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China's processing tomato industry moving into the world market

China's potential in the global processing tomato market is nothing to dismiss lightly, despite the obstacles currently challenging its growers and processors.

California processing tomato growers and others associated with the industry got a first-hand look recently at a Chinese production system as participants in a World Processing Tomato Council (WPTC) study tour to China.

“The tour included a total of 44 members from 19 countries and another 150 or so Chinese,” says Ross Siragusa, president of the California Tomato Growers Association. “The purpose of the trip was to learn firsthand about the Chinese industry from field to processing plant.”

China is a force to be reckoned with, at least in the foreseeable future, according to Don Cameron, manager of Terranova Ranch in Helm, Calif. “China's processing tomato industry is fairly new to the game,” he says. “They have only been growing processing tomatoes since the mid to late 1970s. They now produce between four and five million tons per year, primarily for paste production. They are the third largest producer, and they are committed to increasing production. And they will increase production if they can overcome certain obstacles.”

Those obstacles are not processing equipment, according to Cameron. “They have the best,” he says. “The system there needs changes that can only occur if they convince the many farmers that grow tomatoes. Their delivery system lacks promptness which results in deterioration of the tomatoes before they get to the processing plant.”

China's problems begin in the field, and they are arguably significant. However, no one looking at the situation has much doubt those problems can be overcome.

“We saw a very limited number of fields during the tour,” says Chuck Rivara, director of the California Tomato Research Institute. “We made three stops to fields during the tour. The statistics we regularly hear regarding Chinese growers producing about two-thirds of California yields seemed consistent with the fields we viewed.”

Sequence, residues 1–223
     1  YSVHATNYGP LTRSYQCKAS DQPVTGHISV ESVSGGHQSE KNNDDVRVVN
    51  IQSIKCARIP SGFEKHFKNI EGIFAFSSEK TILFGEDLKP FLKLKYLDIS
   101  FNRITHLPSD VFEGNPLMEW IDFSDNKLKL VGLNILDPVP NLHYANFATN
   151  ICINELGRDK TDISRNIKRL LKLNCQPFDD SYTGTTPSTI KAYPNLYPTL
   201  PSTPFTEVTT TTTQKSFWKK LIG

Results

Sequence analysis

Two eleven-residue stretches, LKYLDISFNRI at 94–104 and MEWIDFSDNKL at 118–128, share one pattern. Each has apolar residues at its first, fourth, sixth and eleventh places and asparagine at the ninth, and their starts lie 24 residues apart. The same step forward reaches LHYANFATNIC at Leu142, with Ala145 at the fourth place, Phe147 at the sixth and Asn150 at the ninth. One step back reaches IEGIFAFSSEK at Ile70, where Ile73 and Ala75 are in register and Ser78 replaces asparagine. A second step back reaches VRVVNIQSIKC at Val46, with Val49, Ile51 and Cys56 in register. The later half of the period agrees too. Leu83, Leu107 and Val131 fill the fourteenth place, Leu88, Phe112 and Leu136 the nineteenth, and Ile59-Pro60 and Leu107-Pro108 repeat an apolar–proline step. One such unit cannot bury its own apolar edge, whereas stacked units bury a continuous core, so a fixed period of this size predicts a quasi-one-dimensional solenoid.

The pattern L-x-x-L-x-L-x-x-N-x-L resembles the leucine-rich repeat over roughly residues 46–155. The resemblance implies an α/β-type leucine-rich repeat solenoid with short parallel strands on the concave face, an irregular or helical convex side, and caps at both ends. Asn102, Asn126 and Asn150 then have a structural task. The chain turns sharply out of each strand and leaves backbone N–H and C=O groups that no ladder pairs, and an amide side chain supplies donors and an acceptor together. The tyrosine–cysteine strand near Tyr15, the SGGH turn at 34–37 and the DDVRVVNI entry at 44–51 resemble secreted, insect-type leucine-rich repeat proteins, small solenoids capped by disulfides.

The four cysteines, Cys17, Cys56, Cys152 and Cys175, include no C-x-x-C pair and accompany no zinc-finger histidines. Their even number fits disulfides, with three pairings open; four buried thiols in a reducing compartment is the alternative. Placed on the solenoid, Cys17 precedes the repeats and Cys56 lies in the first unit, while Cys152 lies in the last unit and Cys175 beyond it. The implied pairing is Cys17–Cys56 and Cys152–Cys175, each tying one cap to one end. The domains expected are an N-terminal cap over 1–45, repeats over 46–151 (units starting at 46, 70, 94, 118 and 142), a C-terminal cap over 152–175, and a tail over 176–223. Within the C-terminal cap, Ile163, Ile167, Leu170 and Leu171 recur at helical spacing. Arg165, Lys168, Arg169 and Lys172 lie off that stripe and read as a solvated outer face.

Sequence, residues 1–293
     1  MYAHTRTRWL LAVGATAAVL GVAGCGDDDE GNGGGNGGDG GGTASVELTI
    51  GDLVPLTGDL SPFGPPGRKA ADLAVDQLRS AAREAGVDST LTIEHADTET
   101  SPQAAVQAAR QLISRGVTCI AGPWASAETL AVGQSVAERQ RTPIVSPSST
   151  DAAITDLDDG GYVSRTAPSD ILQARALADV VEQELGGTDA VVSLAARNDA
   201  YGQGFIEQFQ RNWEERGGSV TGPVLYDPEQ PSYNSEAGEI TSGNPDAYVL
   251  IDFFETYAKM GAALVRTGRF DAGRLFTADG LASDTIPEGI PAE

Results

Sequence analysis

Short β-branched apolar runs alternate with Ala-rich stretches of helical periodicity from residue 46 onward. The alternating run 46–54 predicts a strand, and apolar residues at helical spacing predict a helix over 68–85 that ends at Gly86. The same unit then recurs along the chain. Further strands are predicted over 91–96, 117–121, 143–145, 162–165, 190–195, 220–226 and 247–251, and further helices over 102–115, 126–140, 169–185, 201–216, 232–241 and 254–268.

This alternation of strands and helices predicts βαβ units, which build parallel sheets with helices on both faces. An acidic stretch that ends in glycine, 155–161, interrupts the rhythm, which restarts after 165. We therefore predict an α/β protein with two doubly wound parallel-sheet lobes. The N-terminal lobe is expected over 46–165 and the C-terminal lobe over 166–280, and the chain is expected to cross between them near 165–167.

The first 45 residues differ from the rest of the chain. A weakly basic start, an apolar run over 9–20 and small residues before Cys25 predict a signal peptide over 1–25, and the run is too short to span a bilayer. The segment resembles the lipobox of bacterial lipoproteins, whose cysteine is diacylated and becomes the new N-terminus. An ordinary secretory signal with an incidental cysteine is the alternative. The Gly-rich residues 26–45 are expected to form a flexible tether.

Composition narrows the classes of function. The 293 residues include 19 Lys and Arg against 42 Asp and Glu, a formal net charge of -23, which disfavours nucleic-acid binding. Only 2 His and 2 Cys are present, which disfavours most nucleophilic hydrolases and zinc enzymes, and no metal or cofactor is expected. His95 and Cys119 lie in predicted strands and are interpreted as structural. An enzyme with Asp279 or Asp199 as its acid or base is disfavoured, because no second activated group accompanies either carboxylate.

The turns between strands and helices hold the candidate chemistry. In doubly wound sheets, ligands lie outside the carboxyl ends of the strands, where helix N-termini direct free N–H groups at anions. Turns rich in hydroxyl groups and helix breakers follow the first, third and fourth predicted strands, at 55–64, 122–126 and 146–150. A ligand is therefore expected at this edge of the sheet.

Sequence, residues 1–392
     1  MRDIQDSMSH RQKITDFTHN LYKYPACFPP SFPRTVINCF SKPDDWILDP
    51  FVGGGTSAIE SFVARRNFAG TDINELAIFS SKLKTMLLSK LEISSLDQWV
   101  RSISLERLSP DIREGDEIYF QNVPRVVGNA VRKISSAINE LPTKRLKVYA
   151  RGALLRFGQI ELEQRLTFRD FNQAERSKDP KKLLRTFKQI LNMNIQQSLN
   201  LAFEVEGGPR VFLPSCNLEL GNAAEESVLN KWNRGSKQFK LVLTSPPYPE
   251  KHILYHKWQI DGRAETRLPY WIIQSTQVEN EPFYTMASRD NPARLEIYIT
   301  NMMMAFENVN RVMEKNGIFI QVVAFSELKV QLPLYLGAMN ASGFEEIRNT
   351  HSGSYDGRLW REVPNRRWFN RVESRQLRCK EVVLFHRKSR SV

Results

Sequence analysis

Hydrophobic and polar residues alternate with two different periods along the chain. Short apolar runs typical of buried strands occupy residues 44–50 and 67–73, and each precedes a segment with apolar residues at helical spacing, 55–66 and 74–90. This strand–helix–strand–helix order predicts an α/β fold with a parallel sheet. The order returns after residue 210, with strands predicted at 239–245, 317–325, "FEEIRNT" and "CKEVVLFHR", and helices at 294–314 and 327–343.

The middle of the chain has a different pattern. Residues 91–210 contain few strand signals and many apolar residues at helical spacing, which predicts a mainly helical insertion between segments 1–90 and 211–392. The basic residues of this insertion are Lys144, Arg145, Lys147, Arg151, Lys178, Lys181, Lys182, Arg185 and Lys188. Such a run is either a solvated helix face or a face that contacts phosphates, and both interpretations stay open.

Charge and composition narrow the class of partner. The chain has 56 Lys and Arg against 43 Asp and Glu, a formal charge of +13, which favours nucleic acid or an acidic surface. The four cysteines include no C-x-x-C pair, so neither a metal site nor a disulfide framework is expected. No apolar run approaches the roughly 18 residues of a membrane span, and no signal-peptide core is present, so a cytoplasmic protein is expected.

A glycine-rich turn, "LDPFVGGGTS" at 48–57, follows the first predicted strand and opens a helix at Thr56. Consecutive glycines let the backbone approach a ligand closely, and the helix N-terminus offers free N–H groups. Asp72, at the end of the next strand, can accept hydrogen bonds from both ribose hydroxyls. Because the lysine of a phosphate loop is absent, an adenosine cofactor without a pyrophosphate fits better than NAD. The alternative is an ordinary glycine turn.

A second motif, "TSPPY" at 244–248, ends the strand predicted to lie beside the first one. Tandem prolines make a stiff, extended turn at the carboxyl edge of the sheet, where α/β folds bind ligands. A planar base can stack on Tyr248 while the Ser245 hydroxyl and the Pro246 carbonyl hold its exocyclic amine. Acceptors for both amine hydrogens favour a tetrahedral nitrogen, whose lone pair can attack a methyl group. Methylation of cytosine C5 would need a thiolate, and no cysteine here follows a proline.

Shortcomings in yield are due primarily to irrigation, disease, and production practices, according to Rivara. However, none of those factors appear to be long-term, insurmountable problems.

“China has a short season which makes it difficult, but not impossible,” Rivara says. “Canadian processing tomato yields have been ahead of California the past few years.” The Chinese version of “drip” irrigation is also a factor in yield and quality. “This is a two-inch diameter thin poly tubing under gravity pressure,” Rivara says. “It is placed under a poly film across the bed-top for weed control and to reduce soil surface saturating. Two of the fields we viewed with the system appeared over-irrigated. Fruit mold was present and appeared to reduce yields in the fields we viewed.

“It appeared more loss was from wet soil contact on fruit (irrigation system soaking) than from humidity or rainfall. Viruses were evident, but we were not able to assess the impact. Extensive hedgerows and weed vegetation could pose serious virus hosts, but their long, cold winters should limit the more serious diseases plaguing warmer growing areas.”

Despite production and processing challenges, China's processing tomato industry is on the rise. “They do have potential and should not be underestimated,” Cameron says. “They sell domestically, as well as to many other countries including the European Union and former Soviet countries, and a small amount to the U.S. The biggest problem has been low quality. However, just remember, ‘made in Japan’ used to mean low quality and now Japan sells us a lot of our automobiles.”

Quality is definitely the buzz of the industry no matter if it's China or the U.S. “There was a lot of talk about their commitment to quality and their ISO ratings,” Cameron says. ISO is a network of the national standards institutes of 157 countries; ISO is the world's largest developer and publisher of international standards. “The problem is that less than 25 percent of the plants have ISO ratings. They do know that food safety is an issue for them. We need to keep in mind that a problem with food safety in China's tomatoes could spell a problem for the entire world processing tomato industry, as we all get painted with the same brush at times.”

China is making progress, according to Rivara. “Consider the fact that they've only had processing tomato production for 20 years and that's been comprised of thousands of small farms with limited technological background,” he says. “What they lack in homegrown applied research, is rapidly being made up by foreign joint-ventures filling the void.”

With considerable water and land resources in the region and rapid national economic growth, multinational companies see China as both a supplier and major consumer. “Expect a lot of global interest in China in the future when it comes to processing tomatoes,” Rivara says.

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